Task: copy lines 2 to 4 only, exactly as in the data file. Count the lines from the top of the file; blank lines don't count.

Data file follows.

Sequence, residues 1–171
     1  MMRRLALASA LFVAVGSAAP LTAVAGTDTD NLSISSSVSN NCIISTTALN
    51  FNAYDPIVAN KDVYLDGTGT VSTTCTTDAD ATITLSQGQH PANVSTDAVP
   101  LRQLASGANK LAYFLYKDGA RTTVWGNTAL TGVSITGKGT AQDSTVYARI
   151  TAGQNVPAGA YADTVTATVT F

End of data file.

     1  MMRRLALASA LFVAVGSAAP LTAVAGTDTD NLSISSSVSN NCIISTTALN
    51  FNAYDPIVAN KDVYLDGTGT VSTTCTTDAD ATITLSQGQH PANVSTDAVP
   101  LRQLASGANK LAYFLYKDGA RTTVWGNTAL TGVSITGKGT AQDSTVYARI